The big picture
When a lot of people imagine “regenerative agriculture,” a few things come to mind: expertly engineered greenhouses, abundant sprawling fields, happy local farmers bringing their food to the local market.
But an often overlooked aspect of regenerative agriculture and even permaculture is the power of community gardens: plots of land, often (but not always!) in city and residential areas, tended to by a group of people. The gardens are generally divided into individually managed or shared plots.
Small gardens, big impact
While each community garden may be relatively small in size compared to the acres of land managed by conventional farmers, they can have a big impact on the food security and quality of food available in a community:
- Only 1 in 10 American adults eats the recommended amount of fruits and vegetables, but evidence has shown that people who joined a community garden ate 1.4 more times more fruits and vegetables per day than those who did not, and were 3.5 times more likely to eat the recommended 5 servings of vegetables per day. [Loma Linda University Health](https://ihpl.llu.edu/blog/community-gardens-effective-approach-food-equity#:~:text=One study found that people,servings of vegetables per day.)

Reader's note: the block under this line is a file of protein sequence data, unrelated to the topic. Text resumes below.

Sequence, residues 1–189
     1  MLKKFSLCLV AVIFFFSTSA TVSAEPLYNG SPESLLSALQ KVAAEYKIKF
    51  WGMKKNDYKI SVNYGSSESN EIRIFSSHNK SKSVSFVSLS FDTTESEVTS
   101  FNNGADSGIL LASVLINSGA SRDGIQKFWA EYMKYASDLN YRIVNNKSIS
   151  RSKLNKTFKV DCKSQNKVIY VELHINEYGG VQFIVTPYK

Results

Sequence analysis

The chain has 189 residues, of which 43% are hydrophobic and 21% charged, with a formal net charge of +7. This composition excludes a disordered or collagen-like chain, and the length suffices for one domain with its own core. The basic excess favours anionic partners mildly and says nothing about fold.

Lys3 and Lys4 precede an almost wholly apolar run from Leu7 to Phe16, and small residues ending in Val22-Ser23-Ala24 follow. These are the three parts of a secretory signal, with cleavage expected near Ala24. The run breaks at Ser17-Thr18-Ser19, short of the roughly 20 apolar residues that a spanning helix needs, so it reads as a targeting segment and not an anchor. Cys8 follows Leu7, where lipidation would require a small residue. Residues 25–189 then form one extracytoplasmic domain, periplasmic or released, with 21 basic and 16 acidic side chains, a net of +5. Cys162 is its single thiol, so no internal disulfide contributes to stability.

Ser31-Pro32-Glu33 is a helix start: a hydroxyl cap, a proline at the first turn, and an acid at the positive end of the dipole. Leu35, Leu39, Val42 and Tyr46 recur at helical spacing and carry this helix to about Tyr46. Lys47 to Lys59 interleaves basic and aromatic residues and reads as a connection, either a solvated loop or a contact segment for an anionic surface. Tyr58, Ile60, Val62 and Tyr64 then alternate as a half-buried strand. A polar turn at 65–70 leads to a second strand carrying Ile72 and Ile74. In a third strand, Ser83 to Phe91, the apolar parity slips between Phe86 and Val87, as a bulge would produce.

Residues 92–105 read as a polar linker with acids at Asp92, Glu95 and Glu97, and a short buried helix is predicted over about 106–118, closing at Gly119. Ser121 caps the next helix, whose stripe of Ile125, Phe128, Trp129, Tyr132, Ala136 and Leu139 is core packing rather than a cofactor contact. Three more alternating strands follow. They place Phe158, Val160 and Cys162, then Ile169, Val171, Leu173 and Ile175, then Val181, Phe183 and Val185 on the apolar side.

- Community gardens are able to produce such an abundance of food, even in desert locations like Las Vegas, USA, that they can fill local food pantries. University of Nevada, Las Vegas
Going beyond gardening
Many community gardens also support land conservation and regeneration practices in their local area.
- A Vancouver, Canada community garden is helping to protect and restore local wetlands. Strathcona Gardens
- The Sydney City Farm in Sydney, Australia, is working to restore city greenspace and urban forests, as well as increase the amount of indigenous plant and animal species in the city to encourage biodiversity and strengthen local ecosystems. Sydney City Garden
And with thousands of active community gardens worldwide with even more members actively working to restore and regenerate their local land, the collective impact should not be underestimated!